1391 The Geologic Record of Dust Deposition

Friday, February 19, 2010: 1:50 PM
Room 8 (San Diego Convention Center)
Daniel R. Muhs , U.S. Geological Survey, Denver, CO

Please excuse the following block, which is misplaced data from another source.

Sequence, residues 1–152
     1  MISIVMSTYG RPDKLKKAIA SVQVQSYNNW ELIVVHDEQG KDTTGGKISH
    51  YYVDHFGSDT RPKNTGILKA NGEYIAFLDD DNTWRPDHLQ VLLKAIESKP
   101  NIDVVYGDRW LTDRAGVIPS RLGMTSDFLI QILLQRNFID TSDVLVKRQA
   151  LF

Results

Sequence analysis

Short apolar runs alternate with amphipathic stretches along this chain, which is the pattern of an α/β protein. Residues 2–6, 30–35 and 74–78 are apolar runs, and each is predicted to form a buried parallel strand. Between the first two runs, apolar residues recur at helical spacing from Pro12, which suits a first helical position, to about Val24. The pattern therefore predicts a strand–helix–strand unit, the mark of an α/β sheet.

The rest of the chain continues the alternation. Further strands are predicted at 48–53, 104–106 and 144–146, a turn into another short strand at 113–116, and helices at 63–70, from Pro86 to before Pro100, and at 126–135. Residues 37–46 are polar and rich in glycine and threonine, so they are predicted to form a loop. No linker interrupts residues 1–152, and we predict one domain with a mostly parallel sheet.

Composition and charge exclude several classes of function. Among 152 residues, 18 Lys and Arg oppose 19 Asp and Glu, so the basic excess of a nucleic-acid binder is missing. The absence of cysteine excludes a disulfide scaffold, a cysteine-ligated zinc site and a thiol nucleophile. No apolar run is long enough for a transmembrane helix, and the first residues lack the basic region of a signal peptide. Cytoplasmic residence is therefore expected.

Dust flux in the Earth-atmosphere system has varied over both space and time. Dramatic shifts in rates of dust entrainment and deposition have occurred on glacial-period-to-interglacial-period timescales. For example, over much of the Earth's surface, dust deposition rates were much greater during the last glacial period than during the present interglacial period. Study of geologic records of dust composition, sources and deposition rates is important for understanding the role of dust in the overall planetary radiation balance, the role of dust in fertilization of organisms in the world's oceans, the role of dust in nutrient additions to the terrestrial biosphere and soils, and for paleoclimatic reconstructions. Geologic records of dust flux occur in a number of depositional archives for sediments: (1) large ice sheets, such as those on Greenland and Antarctica, (2) deep-ocean basins, (3) lakes, (4) loess-paleosol sections, and (5) soils. These archives have several distinct characteristics that make them highly suitable for understanding the dynamics of dust entrainment, transport, and deposition. First, sediment archives are often distributed over wide geographic areas, which permits reconstruction of spatial variation of dust flux. Second, a number of dating methods can be applied to sediment archives, which allows for identification of specific periods of greater or lesser dust flux. Third, eolian sediment particle size and composition can be determined so that dust source areas can be ascertained and dust transport pathways can be reconstructed. Geologic records of dust flux in the past ~20,000 years generally show good agreement with models of dust flux, but modeled rates on some continents still show underestimates compared to the geologic record, emphasizing the need for continuing work for both modelers and geologists.